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In 2020, Ramadan will be from 23/24 April to 23/24 May 2020.Muslims around the world fast during daylight hours, meaning they abstain from eating, drinking or engaging in sexual relations for the duration of their fast.
Ramadan 2020 will be a very different experience for Muslims during the COVID19 lockdown in accordance with public health advice. At present, it is unlikely that social distancing measures will be lifted and we will be able to return to our normal routines. As such, congregational acts of worship for Muslims outside of the home will still be suspended to stop the spread of the virus.
It is important to plan our Ramadan activities given these restrictions.
The Muslim Council of Britain has offered the following advice to consider:
- Online – Stream Islamic lectures or taraweeh to your home, either pre-recorded or live.
- Prayers – Organise prayers including taraweeh at home as a family and pray as a congregation in the home. Since it is no longer possible to do I’tikaf in the mosque, consider doing this at home.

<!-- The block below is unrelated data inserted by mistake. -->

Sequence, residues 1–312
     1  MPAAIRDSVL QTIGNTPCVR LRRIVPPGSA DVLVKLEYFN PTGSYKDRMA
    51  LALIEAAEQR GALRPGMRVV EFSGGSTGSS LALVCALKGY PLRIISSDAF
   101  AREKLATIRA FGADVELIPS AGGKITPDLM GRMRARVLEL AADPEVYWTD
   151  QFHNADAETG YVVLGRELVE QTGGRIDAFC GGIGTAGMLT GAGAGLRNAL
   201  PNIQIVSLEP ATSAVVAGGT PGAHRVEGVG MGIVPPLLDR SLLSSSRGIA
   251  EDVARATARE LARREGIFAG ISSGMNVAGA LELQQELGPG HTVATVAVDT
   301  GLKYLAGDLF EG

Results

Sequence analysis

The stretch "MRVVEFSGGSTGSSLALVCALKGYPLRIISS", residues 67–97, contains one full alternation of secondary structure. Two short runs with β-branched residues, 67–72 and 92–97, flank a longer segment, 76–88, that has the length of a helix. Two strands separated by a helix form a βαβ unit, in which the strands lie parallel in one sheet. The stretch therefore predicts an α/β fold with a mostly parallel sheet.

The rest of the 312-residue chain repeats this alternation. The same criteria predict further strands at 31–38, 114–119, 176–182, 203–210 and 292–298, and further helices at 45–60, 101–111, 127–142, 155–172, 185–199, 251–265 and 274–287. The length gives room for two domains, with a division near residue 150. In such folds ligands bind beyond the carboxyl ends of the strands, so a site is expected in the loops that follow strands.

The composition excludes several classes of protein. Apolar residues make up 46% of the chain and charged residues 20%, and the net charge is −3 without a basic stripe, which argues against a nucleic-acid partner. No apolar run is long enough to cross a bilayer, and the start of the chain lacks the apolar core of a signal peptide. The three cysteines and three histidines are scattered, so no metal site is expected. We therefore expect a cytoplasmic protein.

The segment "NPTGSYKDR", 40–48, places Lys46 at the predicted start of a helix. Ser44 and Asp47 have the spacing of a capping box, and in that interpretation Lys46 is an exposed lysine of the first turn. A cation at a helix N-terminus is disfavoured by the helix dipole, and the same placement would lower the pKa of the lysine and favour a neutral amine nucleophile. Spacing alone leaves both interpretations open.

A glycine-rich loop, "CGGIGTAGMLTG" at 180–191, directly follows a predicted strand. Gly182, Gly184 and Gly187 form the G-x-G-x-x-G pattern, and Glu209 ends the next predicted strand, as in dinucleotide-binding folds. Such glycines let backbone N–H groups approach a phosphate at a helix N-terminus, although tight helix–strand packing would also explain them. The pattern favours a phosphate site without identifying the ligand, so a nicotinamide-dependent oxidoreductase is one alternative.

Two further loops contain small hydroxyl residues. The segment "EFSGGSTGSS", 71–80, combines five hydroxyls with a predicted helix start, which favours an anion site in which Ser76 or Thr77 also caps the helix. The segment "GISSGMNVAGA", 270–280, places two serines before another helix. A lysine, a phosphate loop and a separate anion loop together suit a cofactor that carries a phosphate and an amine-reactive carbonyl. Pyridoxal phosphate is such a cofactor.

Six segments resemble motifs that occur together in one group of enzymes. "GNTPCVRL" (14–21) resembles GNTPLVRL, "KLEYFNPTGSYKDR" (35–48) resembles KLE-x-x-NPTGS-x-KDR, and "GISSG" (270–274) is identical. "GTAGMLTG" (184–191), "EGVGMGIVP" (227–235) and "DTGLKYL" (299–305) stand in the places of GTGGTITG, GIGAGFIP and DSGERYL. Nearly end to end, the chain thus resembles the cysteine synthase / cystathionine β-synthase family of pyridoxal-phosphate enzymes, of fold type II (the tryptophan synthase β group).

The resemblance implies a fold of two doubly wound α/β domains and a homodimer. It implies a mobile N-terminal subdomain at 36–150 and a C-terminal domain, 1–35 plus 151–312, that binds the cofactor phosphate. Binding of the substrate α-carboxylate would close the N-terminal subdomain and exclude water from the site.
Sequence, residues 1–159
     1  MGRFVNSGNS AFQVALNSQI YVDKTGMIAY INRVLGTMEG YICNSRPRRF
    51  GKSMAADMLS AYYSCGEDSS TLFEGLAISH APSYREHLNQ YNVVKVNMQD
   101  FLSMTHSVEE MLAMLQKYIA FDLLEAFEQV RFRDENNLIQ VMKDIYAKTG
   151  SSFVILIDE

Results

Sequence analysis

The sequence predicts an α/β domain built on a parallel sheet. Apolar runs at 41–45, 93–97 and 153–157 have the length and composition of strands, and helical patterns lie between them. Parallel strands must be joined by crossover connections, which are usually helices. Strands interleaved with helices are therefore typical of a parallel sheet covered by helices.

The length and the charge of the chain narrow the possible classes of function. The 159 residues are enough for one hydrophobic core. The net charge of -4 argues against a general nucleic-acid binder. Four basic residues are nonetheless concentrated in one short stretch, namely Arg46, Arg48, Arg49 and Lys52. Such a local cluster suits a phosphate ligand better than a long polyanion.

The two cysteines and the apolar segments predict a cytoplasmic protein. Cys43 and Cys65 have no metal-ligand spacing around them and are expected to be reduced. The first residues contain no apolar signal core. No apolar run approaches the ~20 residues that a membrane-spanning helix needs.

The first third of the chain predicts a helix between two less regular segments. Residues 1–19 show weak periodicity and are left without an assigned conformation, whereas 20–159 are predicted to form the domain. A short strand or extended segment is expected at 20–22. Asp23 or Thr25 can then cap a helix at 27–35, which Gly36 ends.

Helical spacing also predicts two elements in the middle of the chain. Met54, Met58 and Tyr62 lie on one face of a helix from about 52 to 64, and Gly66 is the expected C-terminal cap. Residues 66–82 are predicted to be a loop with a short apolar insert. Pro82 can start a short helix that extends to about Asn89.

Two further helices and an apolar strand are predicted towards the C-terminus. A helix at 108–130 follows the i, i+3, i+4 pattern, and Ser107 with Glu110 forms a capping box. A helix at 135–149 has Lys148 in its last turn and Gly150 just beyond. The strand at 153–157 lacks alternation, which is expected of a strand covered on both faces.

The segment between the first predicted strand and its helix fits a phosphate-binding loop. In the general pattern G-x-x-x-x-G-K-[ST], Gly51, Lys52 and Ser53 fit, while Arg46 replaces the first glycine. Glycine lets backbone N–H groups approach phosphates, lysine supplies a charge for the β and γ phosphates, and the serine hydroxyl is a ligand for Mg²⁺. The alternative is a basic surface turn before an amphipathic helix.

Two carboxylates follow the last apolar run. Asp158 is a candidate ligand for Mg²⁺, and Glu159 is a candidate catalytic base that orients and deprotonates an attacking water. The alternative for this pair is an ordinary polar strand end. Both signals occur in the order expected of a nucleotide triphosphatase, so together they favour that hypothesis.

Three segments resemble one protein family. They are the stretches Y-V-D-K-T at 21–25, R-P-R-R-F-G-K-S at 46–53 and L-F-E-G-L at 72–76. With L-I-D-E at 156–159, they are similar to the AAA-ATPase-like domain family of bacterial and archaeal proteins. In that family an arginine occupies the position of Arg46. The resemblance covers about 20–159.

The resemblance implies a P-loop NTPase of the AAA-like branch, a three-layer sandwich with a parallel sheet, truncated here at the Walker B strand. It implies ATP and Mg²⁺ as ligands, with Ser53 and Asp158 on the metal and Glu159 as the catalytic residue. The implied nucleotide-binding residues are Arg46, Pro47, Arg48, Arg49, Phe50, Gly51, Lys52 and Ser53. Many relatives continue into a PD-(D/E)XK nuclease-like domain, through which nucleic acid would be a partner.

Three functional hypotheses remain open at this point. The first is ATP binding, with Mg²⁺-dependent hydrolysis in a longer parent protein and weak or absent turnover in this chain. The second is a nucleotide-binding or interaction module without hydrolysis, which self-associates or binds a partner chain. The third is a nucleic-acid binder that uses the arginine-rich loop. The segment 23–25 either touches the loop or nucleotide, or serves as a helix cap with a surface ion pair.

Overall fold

- Virtual Iftars – Try to organise virtual iftars with extended family and the community through the many online video calling facilities available.
- Plan food – Plan your iftar menus in advance so that you can limit multiple shopping trips and limit exposure given social distancing measures.
- Drink well – Hydrate well for the long work days. Dehydration can lead to tiredness, headaches, lack of focus/concentration.
- Energy foods – Eat high energy, slow burn foods for suhoor (starting your fast) – It is important that you remain energised throughout the workday, especially as we can experience heightened levels of anxiety during these times.
- Breaks – Take regular breaks to reflect and take time for yourself.
- Mental Health – Life can be full, and we try to fill it with more worship during Ramadan. We all want to pray more and this can help with anxiety but it is important to be good to yourself – sometimes it is quality over quantity.
More information on Ramadan through coronavirus, including advice on working and studying from home, virtual iftars, and advice for mosques and prayer house is available from the Muslim Council of Britain